3D printed marine parts validated after successful tests on-board Endeavour oil tanker

3D printing service provider 3D Metalforge has successfully tested three different 3D printed parts on board ConocoPhillips Polar Tankers’ Endeavour oil tanker.

As part of a pioneering project, 3D Metalforge worked with ConocoPhillips, engineering services provider Sembcorp Marine and classification society American Bureau of Shipping (ABS) to fabricate, test, and install 3D printed parts on-board the Endeavor oil tanker, which were in operation for six months.

ConocoPhillips Polar Tankers' Endeavour oil tanker. Photo via ConocoPhillips Polar Tankers.

The parts have now been retrieved and inspected by the Endeavour crew and ABS, and have been validated to be in good working condition.

“We are delighted with the performance of the parts and the successful completion of the project,” said Patrick Ryan, ABS Senior Vice President, Global Engineering and Technology. “It’s an important step forward for a technology that certainly has a significant role to play in the future of the marine industry.

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HP partners with L’Oreal for flexible cosmetics production metal jet momentum continues

Multinational printing firm HP has made several announcements in the lead-up to this year’s Formnext trade show, the first of which concerns a new partnership with cosmetics giant L’Oréal.

Together, the two companies are seeking to enable more flexible cosmetics production and explore “entirely new” cosmetics packaging and applications. HP also announced the expansion of its Digital Manufacturing Network (DMN) of parts providers in order to accelerate the shift towards mass production, while the momentum of its Metal Jet 3D printing platform is continuing in advance of its commercial availability in 2022.

HP Metal Jet 3D printer systems. Photo via HP

“3D printing is unlocking new levels of personalization, business resiliency, sustainability, and market disruption,” said Didier Deltort, President of Personalization & 3D Printing at HP. “HP is excited to reconvene with the additive manufacturing community at Formnext.”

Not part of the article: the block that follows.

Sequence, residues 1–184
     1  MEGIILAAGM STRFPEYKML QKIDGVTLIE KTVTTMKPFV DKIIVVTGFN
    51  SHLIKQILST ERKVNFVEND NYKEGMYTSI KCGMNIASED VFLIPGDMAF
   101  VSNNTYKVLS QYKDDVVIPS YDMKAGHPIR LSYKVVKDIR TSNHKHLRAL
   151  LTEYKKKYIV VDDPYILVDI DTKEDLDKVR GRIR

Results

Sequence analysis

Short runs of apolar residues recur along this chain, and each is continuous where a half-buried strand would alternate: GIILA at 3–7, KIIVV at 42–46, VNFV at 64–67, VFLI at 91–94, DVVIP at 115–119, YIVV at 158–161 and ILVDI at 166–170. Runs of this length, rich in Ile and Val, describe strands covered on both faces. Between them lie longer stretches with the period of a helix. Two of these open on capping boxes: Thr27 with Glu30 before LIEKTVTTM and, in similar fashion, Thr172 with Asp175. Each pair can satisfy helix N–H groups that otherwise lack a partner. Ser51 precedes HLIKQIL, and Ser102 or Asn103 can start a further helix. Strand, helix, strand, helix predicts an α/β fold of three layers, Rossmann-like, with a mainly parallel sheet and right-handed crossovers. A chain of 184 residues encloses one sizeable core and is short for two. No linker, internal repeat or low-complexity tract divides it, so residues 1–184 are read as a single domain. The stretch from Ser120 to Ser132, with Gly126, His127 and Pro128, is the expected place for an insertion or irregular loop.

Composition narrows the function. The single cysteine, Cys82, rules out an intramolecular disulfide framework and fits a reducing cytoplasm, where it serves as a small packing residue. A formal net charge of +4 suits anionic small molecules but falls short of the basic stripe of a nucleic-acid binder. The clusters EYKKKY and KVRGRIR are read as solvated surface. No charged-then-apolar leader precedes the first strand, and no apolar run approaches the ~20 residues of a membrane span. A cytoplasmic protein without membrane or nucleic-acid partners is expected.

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3D printing could transform the Oil & Gas industry

  • The oil and gas industry is finally getting in on the 3D printing revolution, using the technology to solve supply chain problems, lower costs, and reduce emissions
  • The tech could save the oil and gas industry $30 billion annually
  • The 3D printing revolution has been significantly bolstered by the global pandemic and supply chain issues, and it is now maturing into a major industry

Port congestion, delivery delays, and shortages have become a mark of the pandemic world that is not showing signs of going away anytime soon. It is in times like this that disruptive, transformational technology shines and 3D printing is no exception. Additive manufacturing, as it is also known, has been around for quite a while now, and while we haven’t yet reached the point of having 3D printers in every home, energy companies have been paying close attention and are now using the technology to cope with part shortages.

The Wall Street Journal recently reported that Chevron had turned to additive manufacturing to secure parts necessary for the maintenance of its $54-billion Gorgon LNG project. Chevron had to turn to additive manufacturing due to fears that maintenance would be delayed if the company had ordered ready-made parts.

“We’ve learned a lot from those parts. The most important thing is that we’ve shown that this flexible, right part, right time digital supply-chain approach can be successful, and it can meet our needs in a sort of reactive mode,” the WSJ quoted Chevron manager Robert Rettew as saying.

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Time for change? 83% of Oil & Gas firms eyeing 3D printing, says Protolabs

round 83% of oil and gas companies are considering adopting 3D printing or on-demand manufacturing to meet their spare part production needs, according to an industry report

Published by digital manufacturing provider Protolabs, the ‘Decision Time’ survey has revealed how firms in the oil services sector intend to adapt to sustainability challenges, by engaging in Manufacturing-as-a-Service (MaaS). In doing so, the report says that the industry aims to cut its costs, reduce its COemissions and adapt to the “green energy transition.”

An off-shore wind farm in the North Sea.

“The sector’s appetite to secure a long-term future means that companies are branching out into other industries and extending their capabilities,” explains Bjoern Klaas, VP and MD of Protolabs Europe. “With the energy transition revolutionizing the sector, combined with a much lower profit environment, it is imperative that companies continue to innovate and embrace renewable markets.”

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VW starts testing 3D-printed structural parts

Automaker teams with Siemens, HP to make lighter components, with goal of 100,000 annually by 2025

Volkswagen has begun certifying prototype 3D-printed structural components, with the aim of producing 100,000 parts annually by 2025. 

VW is teaming with Siemens and HP to industrialize 3D printing of structural parts, which can be significantly lighter than equivalent components made of sheet steel.